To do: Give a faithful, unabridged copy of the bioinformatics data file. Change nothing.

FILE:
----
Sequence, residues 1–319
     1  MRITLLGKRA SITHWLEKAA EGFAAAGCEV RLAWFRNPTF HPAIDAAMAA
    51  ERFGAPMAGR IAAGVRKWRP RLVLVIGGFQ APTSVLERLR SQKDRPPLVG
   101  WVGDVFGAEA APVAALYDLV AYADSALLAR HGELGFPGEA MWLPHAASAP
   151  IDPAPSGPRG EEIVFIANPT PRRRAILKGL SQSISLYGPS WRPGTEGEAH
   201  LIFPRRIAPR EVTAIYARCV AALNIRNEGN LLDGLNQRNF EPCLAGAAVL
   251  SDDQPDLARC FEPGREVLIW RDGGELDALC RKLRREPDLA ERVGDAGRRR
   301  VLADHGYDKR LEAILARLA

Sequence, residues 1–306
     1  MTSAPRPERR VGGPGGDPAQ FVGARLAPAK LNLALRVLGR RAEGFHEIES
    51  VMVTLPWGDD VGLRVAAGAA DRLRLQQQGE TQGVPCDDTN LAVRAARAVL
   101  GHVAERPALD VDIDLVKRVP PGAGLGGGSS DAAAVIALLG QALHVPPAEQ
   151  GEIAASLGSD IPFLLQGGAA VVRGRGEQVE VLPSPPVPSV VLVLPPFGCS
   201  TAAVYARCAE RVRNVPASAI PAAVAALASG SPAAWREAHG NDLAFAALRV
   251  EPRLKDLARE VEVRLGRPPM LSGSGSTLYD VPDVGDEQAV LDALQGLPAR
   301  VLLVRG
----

Sequence, residues 1–319
     1  MRITLLGKRA SITHWLEKAA EGFAAAGCEV RLAWFRNPTF HPAIDAAMAA
    51  ERFGAPMAGR IAAGVRKWRP RLVLVIGGFQ APTSVLERLR SQKDRPPLVG
   101  WVGDVFGAEA APVAALYDLV AYADSALLAR HGELGFPGEA MWLPHAASAP
   151  IDPAPSGPRG EEIVFIANPT PRRRAILKGL SQSISLYGPS WRPGTEGEAH
   201  LIFPRRIAPR EVTAIYARCV AALNIRNEGN LLDGLNQRNF EPCLAGAAVL
   251  SDDQPDLARC FEPGREVLIW RDGGELDALC RKLRREPDLA ERVGDAGRRR
   301  VLADHGYDKR LEAILARLA

Sequence, residues 1–306
     1  MTSAPRPERR VGGPGGDPAQ FVGARLAPAK LNLALRVLGR RAEGFHEIES
    51  VMVTLPWGDD VGLRVAAGAA DRLRLQQQGE TQGVPCDDTN LAVRAARAVL
   101  GHVAERPALD VDIDLVKRVP PGAGLGGGSS DAAAVIALLG QALHVPPAEQ
   151  GEIAASLGSD IPFLLQGGAA VVRGRGEQVE VLPSPPVPSV VLVLPPFGCS
   201  TAAVYARCAE RVRNVPASAI PAAVAALASG SPAAWREAHG NDLAFAALRV
   251  EPRLKDLARE VEVRLGRPPM LSGSGSTLYD VPDVGDEQAV LDALQGLPAR
   301  VLLVRG